Quick facts:
- Documentary / Mystery
- Duration per episode approx. 45 min
- X episodes per season
- Premiered XXXX
- - -
Executive Producer: Discovery Channel
Joshua C. Berkley

 Created by Peter Rees
- - -

- A weekly documentary in which two Hollywood special effects experts,
 attempt to debunk urban legends by directly testing them. - 

With a narrator, Robert Lee, each episode takes the audience along on an exciting and engaging journey. Researching and testing out myths and theories, further into the seasons also by requests or tips from the audience themselves. As part of the research, I watched two episodes of the series "Jet-Assisted Chevy/Pop Rocks and Soda" and "Mentos and Diet Coke". 

- Each episode brings up about two different theories or myths and puts them to the test.
- Using the subject driven as well as the informational and partly actually driven method to tell the story. 
- They use archive stills or footage to refer to history or the origin of the myths. 
- Interviews with specialists to fill in on the facts and lay a foundation for the theories or myths to bounce off to a conclusion.
- By area specialization the two myths or theories brought up run alongside each other as they plan, structure, perform, put to test and round up with results and conclusions.

- Interesting and fun content.
- A spark of humor.
- Nice slow motions.
- Good combination between sync and other footage.
- In the moment, as an audience, we get to tag along and see the whole process from beginning to end.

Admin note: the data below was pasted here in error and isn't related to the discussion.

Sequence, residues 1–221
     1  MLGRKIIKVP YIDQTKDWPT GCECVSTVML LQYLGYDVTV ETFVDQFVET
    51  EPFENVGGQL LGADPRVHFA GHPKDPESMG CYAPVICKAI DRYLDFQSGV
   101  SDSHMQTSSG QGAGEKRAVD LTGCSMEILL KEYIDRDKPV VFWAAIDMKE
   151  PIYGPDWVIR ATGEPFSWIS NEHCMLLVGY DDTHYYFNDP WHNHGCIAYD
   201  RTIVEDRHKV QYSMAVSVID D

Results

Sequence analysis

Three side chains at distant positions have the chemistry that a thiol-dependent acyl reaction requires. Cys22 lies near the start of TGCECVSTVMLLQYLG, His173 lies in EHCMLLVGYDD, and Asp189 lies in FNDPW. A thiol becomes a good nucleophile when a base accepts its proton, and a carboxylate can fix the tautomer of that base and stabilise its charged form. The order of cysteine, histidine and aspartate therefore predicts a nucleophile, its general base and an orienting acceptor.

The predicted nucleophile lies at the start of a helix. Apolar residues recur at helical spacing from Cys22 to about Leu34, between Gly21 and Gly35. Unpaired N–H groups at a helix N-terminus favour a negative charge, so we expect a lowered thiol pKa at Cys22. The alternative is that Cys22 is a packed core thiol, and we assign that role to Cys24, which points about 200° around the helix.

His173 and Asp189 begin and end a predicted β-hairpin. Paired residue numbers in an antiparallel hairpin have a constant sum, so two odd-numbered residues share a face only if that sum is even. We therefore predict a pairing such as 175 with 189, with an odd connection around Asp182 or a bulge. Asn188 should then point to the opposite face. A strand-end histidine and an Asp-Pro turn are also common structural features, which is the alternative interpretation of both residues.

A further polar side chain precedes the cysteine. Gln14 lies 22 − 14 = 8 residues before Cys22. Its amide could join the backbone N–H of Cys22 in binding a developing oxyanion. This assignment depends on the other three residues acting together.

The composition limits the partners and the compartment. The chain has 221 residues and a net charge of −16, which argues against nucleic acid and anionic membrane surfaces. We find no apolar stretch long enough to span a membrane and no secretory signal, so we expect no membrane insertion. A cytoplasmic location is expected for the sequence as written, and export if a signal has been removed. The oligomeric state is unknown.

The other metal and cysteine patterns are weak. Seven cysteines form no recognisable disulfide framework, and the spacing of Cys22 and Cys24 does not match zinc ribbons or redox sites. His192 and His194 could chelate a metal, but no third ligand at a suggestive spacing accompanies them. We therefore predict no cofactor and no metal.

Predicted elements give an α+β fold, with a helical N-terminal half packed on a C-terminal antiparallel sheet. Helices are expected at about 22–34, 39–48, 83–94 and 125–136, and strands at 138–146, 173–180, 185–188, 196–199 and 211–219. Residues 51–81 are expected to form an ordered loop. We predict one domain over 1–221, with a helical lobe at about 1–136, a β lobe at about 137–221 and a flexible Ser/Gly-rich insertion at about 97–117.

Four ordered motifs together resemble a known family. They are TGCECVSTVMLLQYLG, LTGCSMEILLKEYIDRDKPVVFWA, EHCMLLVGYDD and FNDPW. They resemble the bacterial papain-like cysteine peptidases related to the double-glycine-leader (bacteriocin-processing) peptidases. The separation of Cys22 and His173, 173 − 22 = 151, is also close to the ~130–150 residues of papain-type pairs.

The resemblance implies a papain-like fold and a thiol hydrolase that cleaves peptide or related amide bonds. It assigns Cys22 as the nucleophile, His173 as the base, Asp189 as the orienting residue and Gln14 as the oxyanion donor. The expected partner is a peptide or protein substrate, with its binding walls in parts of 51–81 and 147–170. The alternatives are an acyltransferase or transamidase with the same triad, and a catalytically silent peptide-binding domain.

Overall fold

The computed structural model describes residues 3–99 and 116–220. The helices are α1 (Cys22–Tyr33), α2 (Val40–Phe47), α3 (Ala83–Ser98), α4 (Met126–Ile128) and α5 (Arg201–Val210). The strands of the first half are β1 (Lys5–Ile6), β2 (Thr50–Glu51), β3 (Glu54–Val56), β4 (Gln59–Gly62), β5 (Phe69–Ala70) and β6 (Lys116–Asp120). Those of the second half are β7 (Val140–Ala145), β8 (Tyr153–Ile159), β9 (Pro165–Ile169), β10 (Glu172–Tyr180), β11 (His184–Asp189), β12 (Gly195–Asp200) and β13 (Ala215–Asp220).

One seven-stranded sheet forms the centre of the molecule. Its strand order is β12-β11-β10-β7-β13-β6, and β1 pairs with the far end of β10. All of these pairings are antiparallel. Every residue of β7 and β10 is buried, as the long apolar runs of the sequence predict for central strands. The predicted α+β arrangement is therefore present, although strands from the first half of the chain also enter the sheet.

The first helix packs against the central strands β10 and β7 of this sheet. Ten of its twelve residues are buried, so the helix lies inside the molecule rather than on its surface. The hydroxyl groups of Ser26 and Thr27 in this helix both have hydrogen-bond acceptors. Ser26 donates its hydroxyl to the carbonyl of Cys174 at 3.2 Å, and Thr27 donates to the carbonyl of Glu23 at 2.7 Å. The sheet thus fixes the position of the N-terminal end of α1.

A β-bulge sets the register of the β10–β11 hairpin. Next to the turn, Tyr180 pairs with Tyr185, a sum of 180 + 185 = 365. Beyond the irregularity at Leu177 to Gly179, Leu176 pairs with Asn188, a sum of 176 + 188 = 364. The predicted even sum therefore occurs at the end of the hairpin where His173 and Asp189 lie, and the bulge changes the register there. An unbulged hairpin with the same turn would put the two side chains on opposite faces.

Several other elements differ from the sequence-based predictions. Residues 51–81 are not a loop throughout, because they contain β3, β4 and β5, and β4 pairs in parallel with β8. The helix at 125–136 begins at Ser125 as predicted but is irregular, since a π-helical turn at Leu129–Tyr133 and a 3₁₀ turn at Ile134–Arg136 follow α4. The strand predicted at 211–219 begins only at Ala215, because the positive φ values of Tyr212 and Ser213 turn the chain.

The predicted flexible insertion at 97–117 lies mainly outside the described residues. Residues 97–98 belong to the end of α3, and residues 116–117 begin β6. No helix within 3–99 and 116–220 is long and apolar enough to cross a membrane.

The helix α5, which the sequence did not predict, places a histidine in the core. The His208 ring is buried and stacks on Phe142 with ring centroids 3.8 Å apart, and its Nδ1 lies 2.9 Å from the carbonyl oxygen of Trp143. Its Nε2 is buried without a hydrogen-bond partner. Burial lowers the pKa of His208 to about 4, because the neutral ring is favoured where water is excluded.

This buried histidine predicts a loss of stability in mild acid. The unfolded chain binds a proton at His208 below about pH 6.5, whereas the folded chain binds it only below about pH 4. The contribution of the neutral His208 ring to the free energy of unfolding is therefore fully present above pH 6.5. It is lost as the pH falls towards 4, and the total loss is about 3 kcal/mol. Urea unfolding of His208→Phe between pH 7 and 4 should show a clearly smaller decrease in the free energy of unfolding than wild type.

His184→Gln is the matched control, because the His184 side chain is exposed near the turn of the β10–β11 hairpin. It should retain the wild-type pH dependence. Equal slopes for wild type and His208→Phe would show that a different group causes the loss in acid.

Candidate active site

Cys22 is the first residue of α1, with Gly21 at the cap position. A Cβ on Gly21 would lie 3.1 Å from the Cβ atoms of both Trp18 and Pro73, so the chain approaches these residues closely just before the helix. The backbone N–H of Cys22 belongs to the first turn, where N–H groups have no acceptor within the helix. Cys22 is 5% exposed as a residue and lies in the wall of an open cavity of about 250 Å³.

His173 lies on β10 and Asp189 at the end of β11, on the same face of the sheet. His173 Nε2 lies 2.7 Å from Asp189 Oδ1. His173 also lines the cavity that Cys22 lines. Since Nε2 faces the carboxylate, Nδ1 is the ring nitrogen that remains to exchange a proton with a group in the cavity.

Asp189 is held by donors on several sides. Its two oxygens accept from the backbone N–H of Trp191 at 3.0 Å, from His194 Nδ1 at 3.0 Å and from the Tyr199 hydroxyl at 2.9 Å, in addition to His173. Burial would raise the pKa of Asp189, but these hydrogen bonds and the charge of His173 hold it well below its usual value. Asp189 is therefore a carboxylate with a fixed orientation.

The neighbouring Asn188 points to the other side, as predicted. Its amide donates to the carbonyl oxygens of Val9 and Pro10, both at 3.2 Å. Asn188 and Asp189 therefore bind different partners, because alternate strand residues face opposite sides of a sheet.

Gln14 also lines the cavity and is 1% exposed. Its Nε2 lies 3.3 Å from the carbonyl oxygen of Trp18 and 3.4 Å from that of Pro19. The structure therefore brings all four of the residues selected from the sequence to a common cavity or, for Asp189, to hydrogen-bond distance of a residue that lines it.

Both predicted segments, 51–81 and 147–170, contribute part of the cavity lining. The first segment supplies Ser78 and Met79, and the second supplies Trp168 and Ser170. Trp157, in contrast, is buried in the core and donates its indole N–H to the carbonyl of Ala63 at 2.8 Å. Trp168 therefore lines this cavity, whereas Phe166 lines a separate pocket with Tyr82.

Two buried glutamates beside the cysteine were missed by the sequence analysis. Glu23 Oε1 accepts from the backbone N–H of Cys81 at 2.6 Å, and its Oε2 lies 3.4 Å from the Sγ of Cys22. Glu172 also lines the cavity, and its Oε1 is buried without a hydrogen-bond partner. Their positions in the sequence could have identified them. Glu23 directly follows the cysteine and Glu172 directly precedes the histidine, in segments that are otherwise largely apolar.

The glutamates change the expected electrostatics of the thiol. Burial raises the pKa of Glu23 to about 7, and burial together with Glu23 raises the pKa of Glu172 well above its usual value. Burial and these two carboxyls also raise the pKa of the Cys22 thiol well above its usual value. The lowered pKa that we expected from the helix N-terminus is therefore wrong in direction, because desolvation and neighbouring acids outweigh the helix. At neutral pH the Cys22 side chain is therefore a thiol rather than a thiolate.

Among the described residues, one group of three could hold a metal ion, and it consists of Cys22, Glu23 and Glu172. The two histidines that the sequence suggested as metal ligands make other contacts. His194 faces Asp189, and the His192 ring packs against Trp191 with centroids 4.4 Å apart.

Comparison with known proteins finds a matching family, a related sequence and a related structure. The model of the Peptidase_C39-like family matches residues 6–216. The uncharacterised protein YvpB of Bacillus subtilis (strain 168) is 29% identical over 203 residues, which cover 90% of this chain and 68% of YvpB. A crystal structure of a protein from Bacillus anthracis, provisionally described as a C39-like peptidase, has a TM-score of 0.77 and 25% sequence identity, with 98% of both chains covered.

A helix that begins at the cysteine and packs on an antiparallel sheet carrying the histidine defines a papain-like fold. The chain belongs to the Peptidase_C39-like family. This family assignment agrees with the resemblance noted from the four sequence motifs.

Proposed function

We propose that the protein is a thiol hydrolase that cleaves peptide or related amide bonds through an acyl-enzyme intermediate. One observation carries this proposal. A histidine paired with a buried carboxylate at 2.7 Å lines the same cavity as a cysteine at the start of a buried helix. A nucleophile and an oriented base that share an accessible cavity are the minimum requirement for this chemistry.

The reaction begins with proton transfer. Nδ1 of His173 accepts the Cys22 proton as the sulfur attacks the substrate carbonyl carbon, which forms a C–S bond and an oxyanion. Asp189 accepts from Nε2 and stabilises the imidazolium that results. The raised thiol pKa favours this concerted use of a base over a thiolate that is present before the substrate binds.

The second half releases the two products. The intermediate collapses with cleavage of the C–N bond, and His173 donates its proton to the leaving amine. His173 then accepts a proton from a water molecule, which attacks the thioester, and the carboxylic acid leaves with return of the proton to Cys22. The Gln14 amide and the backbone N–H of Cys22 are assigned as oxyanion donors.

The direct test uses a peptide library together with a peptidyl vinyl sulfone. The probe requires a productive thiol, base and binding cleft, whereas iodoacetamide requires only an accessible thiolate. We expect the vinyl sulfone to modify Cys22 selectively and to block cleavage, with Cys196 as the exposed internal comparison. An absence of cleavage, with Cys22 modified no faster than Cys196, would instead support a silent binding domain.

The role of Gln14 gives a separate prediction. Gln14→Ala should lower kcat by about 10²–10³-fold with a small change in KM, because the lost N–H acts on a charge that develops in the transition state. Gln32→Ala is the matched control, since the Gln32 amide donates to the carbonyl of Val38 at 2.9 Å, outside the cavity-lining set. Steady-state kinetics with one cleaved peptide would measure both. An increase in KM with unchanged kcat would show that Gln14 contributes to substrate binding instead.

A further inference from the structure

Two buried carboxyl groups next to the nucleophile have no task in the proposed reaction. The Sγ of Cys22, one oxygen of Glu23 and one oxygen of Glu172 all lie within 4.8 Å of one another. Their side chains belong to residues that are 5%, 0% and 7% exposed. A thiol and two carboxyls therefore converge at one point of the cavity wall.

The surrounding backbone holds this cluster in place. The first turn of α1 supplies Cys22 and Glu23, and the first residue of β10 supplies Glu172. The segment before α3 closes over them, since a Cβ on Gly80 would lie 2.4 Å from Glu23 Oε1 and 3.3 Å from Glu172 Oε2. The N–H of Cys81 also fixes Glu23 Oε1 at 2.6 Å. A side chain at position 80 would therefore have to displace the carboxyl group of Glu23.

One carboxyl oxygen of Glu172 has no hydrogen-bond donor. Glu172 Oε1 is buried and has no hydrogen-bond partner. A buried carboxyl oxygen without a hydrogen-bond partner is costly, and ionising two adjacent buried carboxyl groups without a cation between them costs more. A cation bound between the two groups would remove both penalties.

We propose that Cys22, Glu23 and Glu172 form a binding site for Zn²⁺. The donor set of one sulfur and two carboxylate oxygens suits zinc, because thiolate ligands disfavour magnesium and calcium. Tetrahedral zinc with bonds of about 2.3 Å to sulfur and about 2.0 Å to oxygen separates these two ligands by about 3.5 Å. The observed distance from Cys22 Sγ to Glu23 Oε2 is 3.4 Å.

- Each episode has a conclusion and solution to the tests.

- Surprises and awakens the audience´s thoughts.
- The narrator´s voice is shooting, clear and makes you pay attention.
- Leaves you with satisfaction, feels like we solved the myths together!
- Which is a great tool to use in the way of engaging the audience, bringing them along on new mysteries and myth and theory solving. 

- Breaking the fourth wall excessively - by showing the other crew and cameras.
- Following the whole process can drag the time a bit.
- Which may loose some viewers.
-- Because it at times feels a bit slow paced.

Overall it is a very interesting programme, especially for the people who like to know how things work - scientifically etc. And that likes to solve and find answers to mysteries, such as to myths and theories. 

I grew up watching this series myself, and it is a series I really enjoy watching. It is a very "easy to watch" series, which is great to reach a wide range audience, in all ages. From children, teenagers, adults and elder people. I like the close-up shots, slow motion shots, as well as detail shots of sparks and splinters. The set up of sync and general shots are often very basic and A4, which is alright because it works. Having the setup clear and clean helps to contrast all of the experimenting and action going on in the frame/on screen. It weighs up for each other's elements. 

When it comes to how this series has influenced my own work, it has definitely made me see how balanced, clear, clean and standard can work really well. How combining standard and basic with a few different shots or angles can make a big difference and work really well. It is also very interesting how they manage to make the whole journey exciting from prep, test to results. The actually drives it forward and keeps the audience in their seats. Something that would be very cool to achieve with our documentary. Keep the audience engaged, interested and in their seats following the story. 

//All images screenshot from the series

//Sources of information

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